The book of 101 insight--Captured By Vision--is now live on Click HERE to see and purchase it.

Yes, Virginia, We Need Baptist Associations

300 Years of AssociationsOr, Other Forms of Local Denominational Organizations

My denominational tradition—Baptist—and specifically my denominational tribe of heritage—Southern Baptists—has three dimensions of denominational structure. They are known as associations, state (or regional) conventions, and national agencies and institutions.

Associations are the local entity which I categorize generically as dynamic spiritual and fellowship organisms. State conventions and the national expressions are organizations.

In historic order associations came first. The initial association of Baptists in my tradition was the Philadelphia Baptist Association established in 1707. The first association in the South that was ultimately part of my tribe was the Charleston (SC) Baptist Association established in 1751.

The first state convention in my tribe was the South Carolina Baptist Convention established in 1821. Finally, the Southern Baptist Convention came into existence in 1845. These two entities did not replace local associations, but carried forward the work of Southern Baptists from a different dimension and with somewhat different foci.

With the transformation of denominations in the past 40 years, it is a legitimate question to raise as to whether all three entities of my tribe’s denominational structure are still essential and needed. It is certainly a question discussed in formal and informal settings, and acted on by congregations in an autonomous denominational movement such as Southern Baptists.

With significant transition and changes in how congregations and individuals financially support the three dimensions of denominational life among Southern Baptists, one observation can be made without fear of successful contradiction. Southern Baptists are unwilling to financially support all three dimensions of denominational life unless they see added value expressed by each for the fulfillment of the mission of God.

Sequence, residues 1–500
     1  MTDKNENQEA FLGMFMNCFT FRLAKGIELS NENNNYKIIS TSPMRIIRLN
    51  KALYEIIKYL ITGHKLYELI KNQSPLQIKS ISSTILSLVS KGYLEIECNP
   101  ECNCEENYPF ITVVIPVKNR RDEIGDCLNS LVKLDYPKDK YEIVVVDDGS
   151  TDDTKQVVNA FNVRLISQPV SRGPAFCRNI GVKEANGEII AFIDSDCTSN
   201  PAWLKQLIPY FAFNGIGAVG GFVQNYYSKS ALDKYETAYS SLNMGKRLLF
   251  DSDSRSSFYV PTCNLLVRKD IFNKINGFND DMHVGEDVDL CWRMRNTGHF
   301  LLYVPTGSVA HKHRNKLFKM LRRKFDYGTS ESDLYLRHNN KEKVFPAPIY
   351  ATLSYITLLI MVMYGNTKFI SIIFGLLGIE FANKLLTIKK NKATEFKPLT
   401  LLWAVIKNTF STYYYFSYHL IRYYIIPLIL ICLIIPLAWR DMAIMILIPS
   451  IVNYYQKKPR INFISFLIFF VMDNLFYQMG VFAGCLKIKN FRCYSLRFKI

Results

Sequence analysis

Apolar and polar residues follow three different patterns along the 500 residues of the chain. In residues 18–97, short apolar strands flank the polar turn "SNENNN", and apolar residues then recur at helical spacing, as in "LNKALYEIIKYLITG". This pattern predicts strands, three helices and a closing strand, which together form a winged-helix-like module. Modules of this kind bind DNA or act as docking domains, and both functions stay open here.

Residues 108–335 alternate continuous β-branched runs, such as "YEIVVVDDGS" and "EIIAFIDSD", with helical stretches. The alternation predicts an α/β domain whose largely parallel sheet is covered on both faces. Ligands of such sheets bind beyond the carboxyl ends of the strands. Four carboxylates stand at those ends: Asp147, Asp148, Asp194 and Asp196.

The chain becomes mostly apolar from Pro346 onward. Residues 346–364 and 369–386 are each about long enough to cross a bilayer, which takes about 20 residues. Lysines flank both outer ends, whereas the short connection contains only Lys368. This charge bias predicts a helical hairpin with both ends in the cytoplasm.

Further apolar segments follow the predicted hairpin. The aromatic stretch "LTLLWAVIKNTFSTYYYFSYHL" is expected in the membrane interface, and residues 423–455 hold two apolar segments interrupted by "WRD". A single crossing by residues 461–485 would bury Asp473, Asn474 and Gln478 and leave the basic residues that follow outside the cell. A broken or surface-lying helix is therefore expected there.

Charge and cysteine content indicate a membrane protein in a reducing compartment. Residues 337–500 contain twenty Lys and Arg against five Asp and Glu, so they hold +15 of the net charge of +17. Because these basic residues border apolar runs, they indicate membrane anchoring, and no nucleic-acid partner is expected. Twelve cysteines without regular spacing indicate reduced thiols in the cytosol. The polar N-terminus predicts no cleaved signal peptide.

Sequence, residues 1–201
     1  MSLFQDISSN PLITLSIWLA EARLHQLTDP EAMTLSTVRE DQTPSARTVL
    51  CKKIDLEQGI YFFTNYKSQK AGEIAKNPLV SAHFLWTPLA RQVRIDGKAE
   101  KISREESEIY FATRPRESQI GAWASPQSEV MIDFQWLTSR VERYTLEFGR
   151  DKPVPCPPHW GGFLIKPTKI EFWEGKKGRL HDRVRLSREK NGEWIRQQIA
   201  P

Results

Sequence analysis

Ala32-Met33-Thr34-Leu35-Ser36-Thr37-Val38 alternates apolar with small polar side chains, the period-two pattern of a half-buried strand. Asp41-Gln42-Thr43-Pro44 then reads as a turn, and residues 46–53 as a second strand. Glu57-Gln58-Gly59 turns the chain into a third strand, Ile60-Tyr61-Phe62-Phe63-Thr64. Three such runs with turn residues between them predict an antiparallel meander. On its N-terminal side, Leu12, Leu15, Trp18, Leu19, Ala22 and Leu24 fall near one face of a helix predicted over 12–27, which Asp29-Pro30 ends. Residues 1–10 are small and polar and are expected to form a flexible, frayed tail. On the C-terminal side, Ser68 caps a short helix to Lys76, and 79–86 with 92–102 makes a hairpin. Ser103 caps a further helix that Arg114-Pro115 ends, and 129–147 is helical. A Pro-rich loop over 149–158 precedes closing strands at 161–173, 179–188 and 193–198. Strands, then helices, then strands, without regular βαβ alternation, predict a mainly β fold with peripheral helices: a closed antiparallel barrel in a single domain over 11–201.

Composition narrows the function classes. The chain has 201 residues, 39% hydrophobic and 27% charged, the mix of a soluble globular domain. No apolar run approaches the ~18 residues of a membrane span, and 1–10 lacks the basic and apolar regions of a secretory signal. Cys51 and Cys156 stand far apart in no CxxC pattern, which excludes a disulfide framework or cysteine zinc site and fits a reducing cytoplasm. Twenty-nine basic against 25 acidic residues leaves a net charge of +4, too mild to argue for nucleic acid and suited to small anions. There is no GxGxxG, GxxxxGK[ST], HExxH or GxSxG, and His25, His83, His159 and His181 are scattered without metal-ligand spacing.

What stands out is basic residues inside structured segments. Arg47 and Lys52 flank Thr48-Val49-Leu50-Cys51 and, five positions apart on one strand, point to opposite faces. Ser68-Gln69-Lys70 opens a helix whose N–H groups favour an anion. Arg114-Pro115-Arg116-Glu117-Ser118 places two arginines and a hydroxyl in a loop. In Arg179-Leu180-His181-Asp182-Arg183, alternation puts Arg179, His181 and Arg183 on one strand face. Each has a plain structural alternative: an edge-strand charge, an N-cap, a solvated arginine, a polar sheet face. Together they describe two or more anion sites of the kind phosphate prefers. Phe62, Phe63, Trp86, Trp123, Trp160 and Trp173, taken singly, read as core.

If three dimensions of denominational life are not sustainable, and one needs to disappear, which one is that?

To read the full article, Download Yes Virginia We Need Baptist Associations

Captured By Vision Insight 062 to Empower Your Congregation

Captured By Vision Final Cover  01.17.17Vision Insight 062: Management is only fully happy when it is driving the congregational vehicle. When not driving, it is trying to drive.

Management has an overwhelming desire to be in charge. Management believes congregations need more of what it can offer. Management feels leaders are not accountable, and are not leading.

Even if a congregation is being well led, management people still feel leaders are not paying attention to all the right things. They continue to urge greater efficiencies, and they are partially right. But they are not sufficiently right that their concerns should always be addressed as a priority.

In the patterns of congregational life developed over generations, there are times when management must lead because there is no vision, or there are insufficient leaders to empower the vision. When this happens the driving actions of management are meant to be temporary to provide a respite for visionary leaders to renew their strength and soar with faith like eagles. (See Isaiah 40:28-31.)

But management does not want to give up the driver’s seat to a new, emerging sense of God’s empowering vision for the congregation. So, they may oppose the emerging vision, saying it is risky and out of character for the congregation.

The book of 101 insight--Captured By Vision--is now live on Click HERE to see and purchase it.